Fitness is the kind of thing that people usually take a pretty “direct” and “dogmatic” approach towards. So, for example, you’ll hear certain boxing diehards arguing with great passion that the only way to develop good cardiovascular fitness is to do plenty of “roadwork” by jogging for hours at a stretch.
Then, there are the bodybuilders and powerlifters who will tend to have very adamant opinions about just what it takes to make it. (Spoiler: the answer given is usually “lift until you’re about to die, then lift some more like you really want it.”)
Whether you are a personal trainer and use The 20 Best Personal Trainer Apps to connect with your clients, or are a fitness enthusiast yourself, it’s worth being mindful of the fact that there really are some unconventional tips for supporting and boosting fitness that appear to have a good degree of anecdotal and research evidence behind them.
So, if you’d like to come at things from a more nuanced angle, here are a few strategies you can try outside of the conventional “Calories in, Calories out, Heavy Compound Lifts, Sprints and Jogging” doctrine.
Focus on breath training
Have you ever heard of Wim Hof? If not, do a quick web search on him, and you’re likely to be pretty impressed.
To cut a long story short, he’s a half-insane Dutchman, who has broken all kinds of wacky and dangerous records that should, by all accounts, be impossible. For example, he’s gone up Everest wearing nothing but a pair of shorts and hiking boots.
The interesting thing about Wim Hof is that he’s been put through rigorous tests in scientific lab settings, and it turns out that he really is able to do some pretty amazing things to his body, and overall endurance levels, largely through a set of breathing exercises he does.
Wim Hof isn’t the only guy who touts the benefits of breathing exercises, either. The MMA heavyweight legend, Bas Rutten, has developed his own breath training device called the “O2 Trainer” that works by forcing the trainee to breathe against resistance.
He credits the device with boosting his stamina to the next level, and effectively curing him of his lifelong asthma.
There are plenty of different types of breathing exercises out there. The key message is that you shouldn’t assume that the only way to develop cardiovascular fitness is by doing “cardio” exercise. Doing specific breathing exercises may have a major impact on your athleticism and health.
Go for more intense, less frequent workout sessions, and count time under tension rather than reps
The legendary, old school bodybuilder Mike Mentzer was famous for his innovation of “High Intensity Training” methods in the realm of weightlifting.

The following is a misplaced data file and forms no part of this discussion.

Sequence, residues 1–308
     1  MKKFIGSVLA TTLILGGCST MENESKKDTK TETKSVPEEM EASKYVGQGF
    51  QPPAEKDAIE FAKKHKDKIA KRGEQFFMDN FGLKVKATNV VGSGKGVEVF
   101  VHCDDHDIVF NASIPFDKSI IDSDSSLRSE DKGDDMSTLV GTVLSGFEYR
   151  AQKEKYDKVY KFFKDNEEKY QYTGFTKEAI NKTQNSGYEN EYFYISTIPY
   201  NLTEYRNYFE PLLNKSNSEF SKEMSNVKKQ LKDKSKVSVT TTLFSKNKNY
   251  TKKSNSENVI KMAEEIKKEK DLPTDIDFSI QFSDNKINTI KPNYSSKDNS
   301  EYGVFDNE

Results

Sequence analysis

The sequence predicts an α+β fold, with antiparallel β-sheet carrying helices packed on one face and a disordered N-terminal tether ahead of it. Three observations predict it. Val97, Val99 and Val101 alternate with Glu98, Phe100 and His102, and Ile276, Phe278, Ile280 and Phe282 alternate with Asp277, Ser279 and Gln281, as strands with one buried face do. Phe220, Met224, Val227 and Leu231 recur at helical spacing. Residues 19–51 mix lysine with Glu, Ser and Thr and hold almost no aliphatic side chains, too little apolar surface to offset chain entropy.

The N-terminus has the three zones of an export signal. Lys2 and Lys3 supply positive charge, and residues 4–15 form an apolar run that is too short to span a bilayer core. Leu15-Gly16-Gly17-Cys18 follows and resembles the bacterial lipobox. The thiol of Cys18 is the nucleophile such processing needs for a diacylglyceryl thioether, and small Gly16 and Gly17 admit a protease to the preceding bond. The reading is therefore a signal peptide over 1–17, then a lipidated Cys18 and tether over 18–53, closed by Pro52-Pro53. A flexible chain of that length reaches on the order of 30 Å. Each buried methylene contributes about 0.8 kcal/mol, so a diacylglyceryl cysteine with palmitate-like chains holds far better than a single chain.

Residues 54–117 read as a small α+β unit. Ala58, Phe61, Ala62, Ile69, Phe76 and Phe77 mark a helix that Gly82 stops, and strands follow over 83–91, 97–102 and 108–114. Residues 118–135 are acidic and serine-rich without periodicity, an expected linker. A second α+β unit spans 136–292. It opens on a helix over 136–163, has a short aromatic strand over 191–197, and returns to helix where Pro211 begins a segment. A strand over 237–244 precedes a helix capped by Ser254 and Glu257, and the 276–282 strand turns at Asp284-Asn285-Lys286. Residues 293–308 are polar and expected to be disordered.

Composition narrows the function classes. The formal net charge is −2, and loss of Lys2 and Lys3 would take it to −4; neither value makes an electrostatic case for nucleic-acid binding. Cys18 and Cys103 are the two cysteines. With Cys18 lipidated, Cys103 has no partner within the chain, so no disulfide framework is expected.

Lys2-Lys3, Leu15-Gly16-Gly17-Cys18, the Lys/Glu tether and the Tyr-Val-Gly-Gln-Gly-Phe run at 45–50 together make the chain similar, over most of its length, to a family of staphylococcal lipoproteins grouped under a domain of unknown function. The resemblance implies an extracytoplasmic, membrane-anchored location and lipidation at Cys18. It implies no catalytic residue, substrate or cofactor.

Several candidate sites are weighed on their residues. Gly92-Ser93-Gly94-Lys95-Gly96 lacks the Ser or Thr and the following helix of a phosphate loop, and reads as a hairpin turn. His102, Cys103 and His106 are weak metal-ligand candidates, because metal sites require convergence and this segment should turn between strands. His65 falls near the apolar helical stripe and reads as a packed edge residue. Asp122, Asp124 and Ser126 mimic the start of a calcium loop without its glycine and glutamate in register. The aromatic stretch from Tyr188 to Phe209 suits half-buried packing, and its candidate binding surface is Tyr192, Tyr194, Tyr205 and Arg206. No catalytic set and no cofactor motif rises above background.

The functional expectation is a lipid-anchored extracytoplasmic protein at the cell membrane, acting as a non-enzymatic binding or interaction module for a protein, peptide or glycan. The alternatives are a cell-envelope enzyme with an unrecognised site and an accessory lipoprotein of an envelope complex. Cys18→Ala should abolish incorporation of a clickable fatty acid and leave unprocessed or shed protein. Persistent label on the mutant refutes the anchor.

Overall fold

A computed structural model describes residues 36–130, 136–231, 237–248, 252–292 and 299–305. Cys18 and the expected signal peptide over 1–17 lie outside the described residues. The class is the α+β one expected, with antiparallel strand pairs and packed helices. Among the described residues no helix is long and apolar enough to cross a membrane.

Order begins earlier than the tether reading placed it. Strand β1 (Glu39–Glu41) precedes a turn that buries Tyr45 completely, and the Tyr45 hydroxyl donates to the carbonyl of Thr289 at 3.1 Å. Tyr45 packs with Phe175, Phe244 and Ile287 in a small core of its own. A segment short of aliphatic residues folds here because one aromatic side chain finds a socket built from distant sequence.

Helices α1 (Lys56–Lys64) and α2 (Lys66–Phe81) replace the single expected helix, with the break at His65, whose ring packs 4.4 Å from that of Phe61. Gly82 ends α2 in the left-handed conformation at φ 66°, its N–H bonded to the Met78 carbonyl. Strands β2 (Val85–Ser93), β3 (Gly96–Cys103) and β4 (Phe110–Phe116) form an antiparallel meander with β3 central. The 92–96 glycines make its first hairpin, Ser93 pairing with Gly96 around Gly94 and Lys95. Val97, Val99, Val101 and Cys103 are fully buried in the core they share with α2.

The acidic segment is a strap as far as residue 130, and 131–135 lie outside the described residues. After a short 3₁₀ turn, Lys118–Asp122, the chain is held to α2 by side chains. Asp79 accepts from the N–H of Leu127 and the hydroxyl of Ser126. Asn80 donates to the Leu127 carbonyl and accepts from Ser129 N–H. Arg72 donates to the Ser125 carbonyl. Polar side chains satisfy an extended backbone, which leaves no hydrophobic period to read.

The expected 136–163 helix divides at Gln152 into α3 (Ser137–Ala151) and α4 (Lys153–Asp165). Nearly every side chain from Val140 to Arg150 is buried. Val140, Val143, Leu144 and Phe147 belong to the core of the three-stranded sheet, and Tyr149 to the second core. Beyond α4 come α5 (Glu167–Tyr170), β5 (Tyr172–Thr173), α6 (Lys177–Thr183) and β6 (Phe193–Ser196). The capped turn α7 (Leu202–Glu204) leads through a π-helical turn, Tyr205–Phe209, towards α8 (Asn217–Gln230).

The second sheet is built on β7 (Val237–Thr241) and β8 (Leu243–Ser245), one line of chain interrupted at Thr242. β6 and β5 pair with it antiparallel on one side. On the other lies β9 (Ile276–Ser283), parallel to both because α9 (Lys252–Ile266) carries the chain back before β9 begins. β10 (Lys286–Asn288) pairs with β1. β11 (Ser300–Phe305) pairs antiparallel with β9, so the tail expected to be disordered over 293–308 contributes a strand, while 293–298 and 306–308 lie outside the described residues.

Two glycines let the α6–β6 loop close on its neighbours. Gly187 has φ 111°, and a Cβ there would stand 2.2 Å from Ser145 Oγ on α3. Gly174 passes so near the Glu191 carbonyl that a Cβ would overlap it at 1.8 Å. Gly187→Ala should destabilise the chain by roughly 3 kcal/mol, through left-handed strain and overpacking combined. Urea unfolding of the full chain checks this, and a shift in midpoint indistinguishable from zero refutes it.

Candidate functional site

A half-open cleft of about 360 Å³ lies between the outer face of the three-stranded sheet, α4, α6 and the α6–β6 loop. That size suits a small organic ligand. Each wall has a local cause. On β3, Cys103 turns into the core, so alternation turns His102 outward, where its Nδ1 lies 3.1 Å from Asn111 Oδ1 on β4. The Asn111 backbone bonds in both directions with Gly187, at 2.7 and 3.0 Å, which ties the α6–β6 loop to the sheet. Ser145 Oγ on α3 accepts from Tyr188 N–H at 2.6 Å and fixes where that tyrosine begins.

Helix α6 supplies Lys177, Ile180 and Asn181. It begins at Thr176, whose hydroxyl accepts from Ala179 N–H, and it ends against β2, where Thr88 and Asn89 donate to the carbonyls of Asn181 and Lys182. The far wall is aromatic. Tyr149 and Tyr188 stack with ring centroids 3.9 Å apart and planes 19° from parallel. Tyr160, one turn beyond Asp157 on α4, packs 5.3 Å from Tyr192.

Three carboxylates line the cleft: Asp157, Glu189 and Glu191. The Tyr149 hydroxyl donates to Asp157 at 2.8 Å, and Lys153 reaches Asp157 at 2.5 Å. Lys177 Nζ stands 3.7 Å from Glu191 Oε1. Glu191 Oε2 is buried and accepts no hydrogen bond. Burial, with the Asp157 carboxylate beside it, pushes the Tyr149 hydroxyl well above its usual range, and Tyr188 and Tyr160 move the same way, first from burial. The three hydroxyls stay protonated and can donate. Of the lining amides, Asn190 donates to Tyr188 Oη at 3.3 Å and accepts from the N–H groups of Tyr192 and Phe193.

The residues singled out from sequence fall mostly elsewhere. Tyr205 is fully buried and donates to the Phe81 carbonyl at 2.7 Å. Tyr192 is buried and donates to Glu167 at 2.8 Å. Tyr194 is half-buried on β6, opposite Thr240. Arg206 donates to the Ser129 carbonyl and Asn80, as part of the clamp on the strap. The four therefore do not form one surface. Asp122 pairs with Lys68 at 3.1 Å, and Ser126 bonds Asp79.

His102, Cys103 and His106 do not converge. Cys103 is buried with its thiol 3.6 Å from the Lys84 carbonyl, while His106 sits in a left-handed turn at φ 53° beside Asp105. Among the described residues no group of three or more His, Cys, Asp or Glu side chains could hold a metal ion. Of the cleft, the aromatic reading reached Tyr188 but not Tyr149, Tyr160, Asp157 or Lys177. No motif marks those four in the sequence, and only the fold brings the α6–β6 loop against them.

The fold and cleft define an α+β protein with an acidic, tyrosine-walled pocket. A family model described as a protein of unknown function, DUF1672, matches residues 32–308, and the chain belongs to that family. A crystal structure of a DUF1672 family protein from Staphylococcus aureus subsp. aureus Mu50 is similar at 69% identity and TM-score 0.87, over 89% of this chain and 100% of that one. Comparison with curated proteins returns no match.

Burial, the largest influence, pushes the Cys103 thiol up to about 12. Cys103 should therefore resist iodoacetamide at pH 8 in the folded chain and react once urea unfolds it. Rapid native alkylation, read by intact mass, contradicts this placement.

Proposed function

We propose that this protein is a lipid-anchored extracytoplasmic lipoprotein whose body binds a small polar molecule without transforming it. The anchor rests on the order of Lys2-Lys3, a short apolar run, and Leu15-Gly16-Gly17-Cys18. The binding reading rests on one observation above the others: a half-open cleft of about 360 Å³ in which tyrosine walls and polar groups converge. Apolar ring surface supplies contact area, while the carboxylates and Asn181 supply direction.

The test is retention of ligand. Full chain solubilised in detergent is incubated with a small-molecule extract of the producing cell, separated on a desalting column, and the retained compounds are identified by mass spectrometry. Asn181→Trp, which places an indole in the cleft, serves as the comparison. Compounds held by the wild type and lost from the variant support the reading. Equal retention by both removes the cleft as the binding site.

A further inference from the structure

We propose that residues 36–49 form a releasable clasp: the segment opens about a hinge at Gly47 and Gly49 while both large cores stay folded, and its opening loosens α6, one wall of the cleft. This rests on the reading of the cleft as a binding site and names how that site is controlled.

Unlike Arnold Schwarzenegger, for example, who has advocated the training twice a day, Mike Mentzer reportedly only trained once a week.
Recently, some fitness and medical professionals, inspired by Mike Mentzer, have been promoting the idea of once-per-week weight training sessions, with only one working set per exercise, and with reps done super slow. Not only that, but the emphasis is on counting time under tension, not reps.
This is the basis of the book “Body by Science,” for example.
If you listen to the authors of the book – and they quote plenty of studies – doing this kind of once-a-week training may actually be enough stimulus to help you get in the best shape of your life, while reducing your risk of injury, and freeing up plenty of time to spend on other things.
Emphasise the importance of sleep
Everyone more or less knows that getting enough rest is important for making proper progress in the gym. What people don’t always appreciate, however, is just how fundamental getting enough sleep is for your overall fitness, and your overall health, too.
The book “Why We Sleep” by Matthew Walker, explains that getting insufficient sleep ruins the immune system, damages the organs, dramatically increases the risk of death from all causes, and more.
If you – or a client – aren’t sleeping enough, but are killing it at the gym, and at the dinner table, progress is simply going to be held back dramatically all the same.
In a case like this, just making the effort to get a bit more sleep every night could have a completely stunning impact on your overall fitness levels, not to mention your energy levels, your health, and your emotional well-being.
Start to move things in this direction by turning off the digital devices several hours before the time you want to go to sleep, cooling off your bedroom, and unwinding with a good book